After a year of mental preparation for my Masters research, I think I just found a different topic that I feel even more strongly about, that I don't have to expose my sexual identity in a research context for, and that is more directly relevant to my degree.
It's less meta-theoretical, but infinitely more interesting that listening to a bunch of queer wannabe girls talk about how they fuck girls to get guys off. I particularly feel uncomfortable with my current research topic because of a recent experience that brings up a strong negative emotional response from me...and how much of my personal life I would have to reveal in the process of my research in order to be an adequately reflective sociological researcher who adheres to my own high ethical standards. I can't simply do research and say that my own identity as a bisexual female has no relevance to my opinions and how I construct my research subjects in relation to that. As the first sentence of this paragraph reveals, I'm less than positive about a lot of the pop-queer trends that have been "saturating the market" (pun intended) over the last decade, and if I can't experience their identities with respect and an open mind, then I shouldn't be studying them.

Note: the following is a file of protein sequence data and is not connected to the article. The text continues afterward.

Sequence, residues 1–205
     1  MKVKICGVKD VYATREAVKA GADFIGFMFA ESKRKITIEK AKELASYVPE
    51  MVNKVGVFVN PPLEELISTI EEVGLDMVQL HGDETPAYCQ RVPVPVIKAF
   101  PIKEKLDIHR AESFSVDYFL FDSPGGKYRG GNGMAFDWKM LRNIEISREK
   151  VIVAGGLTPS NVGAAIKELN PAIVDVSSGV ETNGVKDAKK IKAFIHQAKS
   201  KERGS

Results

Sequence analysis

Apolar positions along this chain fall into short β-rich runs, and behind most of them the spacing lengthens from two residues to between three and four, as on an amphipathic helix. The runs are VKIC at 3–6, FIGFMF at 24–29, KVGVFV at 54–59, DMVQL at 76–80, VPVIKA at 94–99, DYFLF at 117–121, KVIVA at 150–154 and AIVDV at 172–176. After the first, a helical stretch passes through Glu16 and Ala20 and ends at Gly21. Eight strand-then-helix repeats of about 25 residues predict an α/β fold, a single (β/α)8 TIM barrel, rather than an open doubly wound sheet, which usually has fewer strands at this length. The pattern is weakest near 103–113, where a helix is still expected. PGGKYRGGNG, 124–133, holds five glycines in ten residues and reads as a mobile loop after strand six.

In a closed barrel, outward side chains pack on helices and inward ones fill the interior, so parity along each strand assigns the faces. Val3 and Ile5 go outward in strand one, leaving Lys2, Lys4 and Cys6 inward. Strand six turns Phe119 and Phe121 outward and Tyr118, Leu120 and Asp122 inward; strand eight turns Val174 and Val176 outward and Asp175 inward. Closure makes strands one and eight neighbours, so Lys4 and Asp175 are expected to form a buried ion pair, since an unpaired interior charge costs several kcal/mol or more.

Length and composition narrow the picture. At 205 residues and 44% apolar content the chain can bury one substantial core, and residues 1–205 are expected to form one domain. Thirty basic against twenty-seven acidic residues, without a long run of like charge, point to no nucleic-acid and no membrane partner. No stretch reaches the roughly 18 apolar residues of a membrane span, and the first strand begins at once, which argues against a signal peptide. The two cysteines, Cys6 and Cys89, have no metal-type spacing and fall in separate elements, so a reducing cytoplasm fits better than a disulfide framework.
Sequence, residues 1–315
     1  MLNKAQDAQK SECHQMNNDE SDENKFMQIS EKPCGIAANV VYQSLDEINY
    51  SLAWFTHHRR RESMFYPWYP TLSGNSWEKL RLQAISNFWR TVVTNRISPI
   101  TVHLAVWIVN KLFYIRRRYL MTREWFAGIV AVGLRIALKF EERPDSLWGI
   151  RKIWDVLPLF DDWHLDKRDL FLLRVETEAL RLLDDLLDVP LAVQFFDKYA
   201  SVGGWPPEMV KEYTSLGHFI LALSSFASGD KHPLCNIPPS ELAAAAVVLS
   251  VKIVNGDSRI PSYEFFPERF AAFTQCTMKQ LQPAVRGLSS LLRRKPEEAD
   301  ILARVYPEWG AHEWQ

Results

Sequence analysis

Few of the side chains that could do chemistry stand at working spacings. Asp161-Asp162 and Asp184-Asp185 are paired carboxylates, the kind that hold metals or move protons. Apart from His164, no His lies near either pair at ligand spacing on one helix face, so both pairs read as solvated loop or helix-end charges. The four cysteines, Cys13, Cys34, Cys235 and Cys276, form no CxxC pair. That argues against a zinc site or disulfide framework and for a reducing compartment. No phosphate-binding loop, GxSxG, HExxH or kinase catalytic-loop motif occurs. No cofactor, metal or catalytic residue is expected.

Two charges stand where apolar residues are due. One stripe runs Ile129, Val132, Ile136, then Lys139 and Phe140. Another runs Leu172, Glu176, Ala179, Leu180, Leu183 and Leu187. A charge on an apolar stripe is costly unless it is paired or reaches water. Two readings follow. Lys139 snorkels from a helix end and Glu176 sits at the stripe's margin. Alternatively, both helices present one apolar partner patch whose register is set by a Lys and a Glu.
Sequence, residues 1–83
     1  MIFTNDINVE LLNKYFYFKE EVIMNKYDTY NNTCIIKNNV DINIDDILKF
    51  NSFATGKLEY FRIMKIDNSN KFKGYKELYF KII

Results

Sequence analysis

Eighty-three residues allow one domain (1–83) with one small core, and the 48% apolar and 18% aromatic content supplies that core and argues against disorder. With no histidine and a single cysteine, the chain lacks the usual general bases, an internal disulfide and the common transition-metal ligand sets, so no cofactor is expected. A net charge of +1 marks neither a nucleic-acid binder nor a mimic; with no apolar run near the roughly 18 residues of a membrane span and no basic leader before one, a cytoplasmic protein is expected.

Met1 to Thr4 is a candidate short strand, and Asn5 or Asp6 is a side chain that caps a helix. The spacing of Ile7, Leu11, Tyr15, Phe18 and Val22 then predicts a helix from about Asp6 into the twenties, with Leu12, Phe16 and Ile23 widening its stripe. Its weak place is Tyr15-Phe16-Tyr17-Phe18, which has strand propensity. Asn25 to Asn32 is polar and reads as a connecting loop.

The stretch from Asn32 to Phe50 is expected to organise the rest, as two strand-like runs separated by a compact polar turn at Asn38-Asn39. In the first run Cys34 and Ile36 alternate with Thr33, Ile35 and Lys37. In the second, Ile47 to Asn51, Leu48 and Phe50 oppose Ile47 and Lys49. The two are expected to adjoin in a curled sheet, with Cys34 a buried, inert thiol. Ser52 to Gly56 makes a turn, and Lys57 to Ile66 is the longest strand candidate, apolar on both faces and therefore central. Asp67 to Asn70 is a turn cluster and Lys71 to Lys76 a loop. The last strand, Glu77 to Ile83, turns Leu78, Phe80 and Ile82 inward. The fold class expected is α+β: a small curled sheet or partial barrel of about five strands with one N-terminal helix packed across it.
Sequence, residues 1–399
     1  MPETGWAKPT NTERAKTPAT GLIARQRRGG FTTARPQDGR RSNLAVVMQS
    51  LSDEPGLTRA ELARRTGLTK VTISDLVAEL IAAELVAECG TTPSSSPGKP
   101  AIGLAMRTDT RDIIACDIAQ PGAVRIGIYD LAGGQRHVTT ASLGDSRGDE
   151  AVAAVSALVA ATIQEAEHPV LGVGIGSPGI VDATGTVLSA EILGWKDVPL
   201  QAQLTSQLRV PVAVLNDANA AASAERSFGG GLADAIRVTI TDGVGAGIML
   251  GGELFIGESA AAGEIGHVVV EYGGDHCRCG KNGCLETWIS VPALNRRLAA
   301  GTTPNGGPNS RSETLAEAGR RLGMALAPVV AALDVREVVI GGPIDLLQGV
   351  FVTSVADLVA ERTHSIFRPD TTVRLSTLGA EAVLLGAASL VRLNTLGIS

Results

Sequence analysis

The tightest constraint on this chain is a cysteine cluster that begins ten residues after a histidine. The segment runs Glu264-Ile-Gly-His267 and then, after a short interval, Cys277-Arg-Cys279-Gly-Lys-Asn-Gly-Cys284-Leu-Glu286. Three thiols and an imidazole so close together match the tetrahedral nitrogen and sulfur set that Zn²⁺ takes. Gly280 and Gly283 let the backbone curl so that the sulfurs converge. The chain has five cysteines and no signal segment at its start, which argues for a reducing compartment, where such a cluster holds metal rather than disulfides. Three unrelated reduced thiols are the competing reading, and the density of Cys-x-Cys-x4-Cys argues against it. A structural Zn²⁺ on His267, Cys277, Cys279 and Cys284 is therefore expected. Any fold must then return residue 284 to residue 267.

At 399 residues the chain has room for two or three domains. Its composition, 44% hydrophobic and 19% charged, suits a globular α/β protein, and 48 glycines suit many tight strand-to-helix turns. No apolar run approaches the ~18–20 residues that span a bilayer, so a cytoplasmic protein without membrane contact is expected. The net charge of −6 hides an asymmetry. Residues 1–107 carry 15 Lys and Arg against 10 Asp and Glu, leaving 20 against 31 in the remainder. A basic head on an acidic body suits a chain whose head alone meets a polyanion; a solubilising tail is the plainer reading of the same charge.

I want to look at sexual education...ideally I'd like to look at sexual education in relation to how and why people look at porn, and the expectations people have for sex. Lesbian porn where the girls have dangerously long, painted fingernails for instance.
It came to me (ha ha) while listening to a podcast in which the author relates her work on an explicit sexual education video who had to deal with porn stars because of the explicit nature of the film...and the porn stars themselves had no idea about safe sex, normal sex or normal human interaction outside of a sex-based industry. Listening to it made me cringe internally and that's how I knew it was something I could study with enthusiasm and vigor. After all, safe sex is important and anyone who thinks otherwise is probably not doing it right.